Most U.S. homeowners expect to make improvements to their property in the next year to build their home’s value, according to a Chase Home Lending survey released today. Chase teamed up with Drew and Jonathan Scott -- TV personalities, entrepreneurs and authors -- to discuss why homeowners wanted to improve, how much they planned to do themselves and how much they expected to pay for it.
Eight in 10 respondents anticipate taking on a home-improvement project. In fact, 60 percent completed a project in the last six months, according to the survey “Sweat Equity: A Homeowner’s Most Valuable Resource.” More than 70 percent of respondents plan to do at least some of the work themselves, though some may tap into professionals when necessary.
“More and more homeowners are taking matters into their own hands by doing the work themselves,” said Amy Bonitatibus, Chief Marketing and Communications Officer for Chase Home Lending. “While cash is still king, we are seeing an increase in the number of people who are taking advantage of the recent drop in rates and paying for their renovations by tapping into the equity in their home.”
“Elevating your property from a house to a home can be within reach,” said Drew Scott. “Whether it’s sprucing up your outdoor deck, or updating your kitchen with a trendy tile backsplash, selecting the right projects can create long-term value and make your property more attractive for future buyers.”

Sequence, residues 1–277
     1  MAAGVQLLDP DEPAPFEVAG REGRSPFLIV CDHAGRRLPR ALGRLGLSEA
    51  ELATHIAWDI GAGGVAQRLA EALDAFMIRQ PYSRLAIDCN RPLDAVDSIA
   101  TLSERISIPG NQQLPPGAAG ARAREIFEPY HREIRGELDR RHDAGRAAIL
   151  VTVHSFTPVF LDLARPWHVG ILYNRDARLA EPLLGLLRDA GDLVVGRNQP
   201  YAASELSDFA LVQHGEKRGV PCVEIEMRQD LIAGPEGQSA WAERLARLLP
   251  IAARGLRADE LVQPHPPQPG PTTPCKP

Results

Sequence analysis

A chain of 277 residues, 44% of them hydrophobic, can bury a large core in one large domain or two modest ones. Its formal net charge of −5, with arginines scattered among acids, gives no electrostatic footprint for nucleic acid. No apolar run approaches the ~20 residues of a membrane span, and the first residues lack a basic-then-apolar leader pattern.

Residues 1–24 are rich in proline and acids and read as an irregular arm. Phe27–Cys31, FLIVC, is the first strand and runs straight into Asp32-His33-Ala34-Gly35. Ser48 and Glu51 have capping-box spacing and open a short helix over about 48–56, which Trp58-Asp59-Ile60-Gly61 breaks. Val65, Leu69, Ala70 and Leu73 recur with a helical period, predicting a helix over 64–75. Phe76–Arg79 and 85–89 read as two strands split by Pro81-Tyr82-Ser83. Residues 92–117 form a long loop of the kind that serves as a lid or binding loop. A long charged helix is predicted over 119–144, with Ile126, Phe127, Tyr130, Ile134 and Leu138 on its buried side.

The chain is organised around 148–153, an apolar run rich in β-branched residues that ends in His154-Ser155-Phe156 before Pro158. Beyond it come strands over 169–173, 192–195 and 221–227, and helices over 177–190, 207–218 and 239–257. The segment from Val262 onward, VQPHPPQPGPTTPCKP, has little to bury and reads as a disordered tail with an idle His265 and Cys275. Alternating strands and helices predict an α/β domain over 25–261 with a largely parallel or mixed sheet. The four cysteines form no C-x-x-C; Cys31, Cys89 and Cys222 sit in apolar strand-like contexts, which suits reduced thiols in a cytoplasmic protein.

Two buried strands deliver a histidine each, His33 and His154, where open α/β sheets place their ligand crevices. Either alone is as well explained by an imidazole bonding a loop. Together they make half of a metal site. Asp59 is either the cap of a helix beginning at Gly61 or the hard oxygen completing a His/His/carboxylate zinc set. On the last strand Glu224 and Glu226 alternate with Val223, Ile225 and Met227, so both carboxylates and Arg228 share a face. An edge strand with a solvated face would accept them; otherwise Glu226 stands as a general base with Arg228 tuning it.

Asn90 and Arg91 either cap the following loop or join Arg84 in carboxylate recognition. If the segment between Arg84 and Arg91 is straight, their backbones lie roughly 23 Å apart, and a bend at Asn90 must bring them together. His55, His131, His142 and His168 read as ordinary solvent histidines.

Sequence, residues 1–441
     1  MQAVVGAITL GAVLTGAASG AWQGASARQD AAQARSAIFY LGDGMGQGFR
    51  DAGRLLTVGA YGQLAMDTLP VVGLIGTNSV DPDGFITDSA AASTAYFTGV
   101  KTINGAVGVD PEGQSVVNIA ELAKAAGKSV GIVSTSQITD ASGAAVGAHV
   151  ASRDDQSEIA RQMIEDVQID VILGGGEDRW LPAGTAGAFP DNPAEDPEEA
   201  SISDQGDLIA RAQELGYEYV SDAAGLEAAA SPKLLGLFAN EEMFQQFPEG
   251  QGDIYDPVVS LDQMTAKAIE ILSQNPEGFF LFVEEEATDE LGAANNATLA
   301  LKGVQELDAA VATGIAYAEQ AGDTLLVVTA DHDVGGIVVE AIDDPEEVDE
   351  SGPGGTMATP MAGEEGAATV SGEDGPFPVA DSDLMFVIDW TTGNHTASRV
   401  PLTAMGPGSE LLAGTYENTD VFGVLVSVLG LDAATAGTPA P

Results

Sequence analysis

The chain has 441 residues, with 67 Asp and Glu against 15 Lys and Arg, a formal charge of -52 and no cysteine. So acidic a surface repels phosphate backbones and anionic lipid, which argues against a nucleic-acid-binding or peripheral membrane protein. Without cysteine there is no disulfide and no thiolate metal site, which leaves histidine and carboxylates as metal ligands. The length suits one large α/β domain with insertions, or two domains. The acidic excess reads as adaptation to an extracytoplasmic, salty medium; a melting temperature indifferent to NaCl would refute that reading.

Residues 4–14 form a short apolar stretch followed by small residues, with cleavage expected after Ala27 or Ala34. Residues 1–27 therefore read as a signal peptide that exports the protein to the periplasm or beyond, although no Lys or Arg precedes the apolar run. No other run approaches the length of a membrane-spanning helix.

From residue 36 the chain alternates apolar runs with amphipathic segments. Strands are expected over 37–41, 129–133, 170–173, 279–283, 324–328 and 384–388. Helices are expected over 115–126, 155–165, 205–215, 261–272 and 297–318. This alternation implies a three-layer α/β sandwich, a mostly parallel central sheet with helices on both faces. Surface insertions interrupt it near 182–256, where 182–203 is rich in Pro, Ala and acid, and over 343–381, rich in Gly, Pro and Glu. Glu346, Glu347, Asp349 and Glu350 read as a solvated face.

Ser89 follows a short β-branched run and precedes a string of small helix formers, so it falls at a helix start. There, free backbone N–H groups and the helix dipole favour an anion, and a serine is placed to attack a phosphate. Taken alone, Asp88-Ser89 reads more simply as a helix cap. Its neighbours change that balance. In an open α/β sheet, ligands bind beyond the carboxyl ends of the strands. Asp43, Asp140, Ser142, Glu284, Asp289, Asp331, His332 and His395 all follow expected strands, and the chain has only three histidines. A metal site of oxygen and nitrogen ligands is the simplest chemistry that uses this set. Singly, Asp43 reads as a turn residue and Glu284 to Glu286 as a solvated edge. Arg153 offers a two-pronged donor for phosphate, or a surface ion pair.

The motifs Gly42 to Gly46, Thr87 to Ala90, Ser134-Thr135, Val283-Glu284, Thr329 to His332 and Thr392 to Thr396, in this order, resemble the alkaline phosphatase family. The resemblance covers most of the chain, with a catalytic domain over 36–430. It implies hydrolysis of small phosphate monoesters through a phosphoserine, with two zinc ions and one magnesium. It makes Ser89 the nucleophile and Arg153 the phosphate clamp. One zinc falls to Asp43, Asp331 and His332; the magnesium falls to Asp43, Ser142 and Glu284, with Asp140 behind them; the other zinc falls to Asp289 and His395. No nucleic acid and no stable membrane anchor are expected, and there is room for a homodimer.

Added Jonathan Scott: “Our partnership with Chase brings creativity and expertise to help turn sweat equity into home equity.”
From Inspiration Board to Reality
When looking at homeowners’ motivations for upgrading their home, the survey found that the top three reasons were to:
· Add value
· Create a comfortable space for family and for hosting
· Feed their hobby of DIY/home improvement
Paying for Home Improvements
Chase also looked at how much homeowners were setting aside for renovations. The survey found that:
· 58 percent projected spending up to $10,000 on a project
· 21 percent foresee projects of $10,000 to $25,000
· 21 percent aimed high, spending at least $25,000
While some plan to use cash and savings for their home projects, many others are looking at a mix of savings, credit cards and leveraging their property value through a home equity line of credit or cash-out refinance. A home equity line of credit allows homeowners to tap into the value of their home to access cash as needed at an attractive interest rate.
A total of 1,000 U.S.-based homeowners ages 18 to 65 were surveyed in September 2019.
Chase is the U.S. consumer and commercial banking business of JPMorgan Chase & Co. (NYSE: JPM), a leading global financial services firm with assets of $2.7 trillion and operations worldwide. Chase serves nearly half of America’s households with a broad range of financial services, including personal banking, credit cards, mortgages, auto financing, investment advice, small business loans and payment processing. Customers can choose how and where they want to bank: Nearly 5,000 branches in 28 states and the District of Columbia, 16,000 ATMs, mobile, online and by phone. For more information, go to chase.com.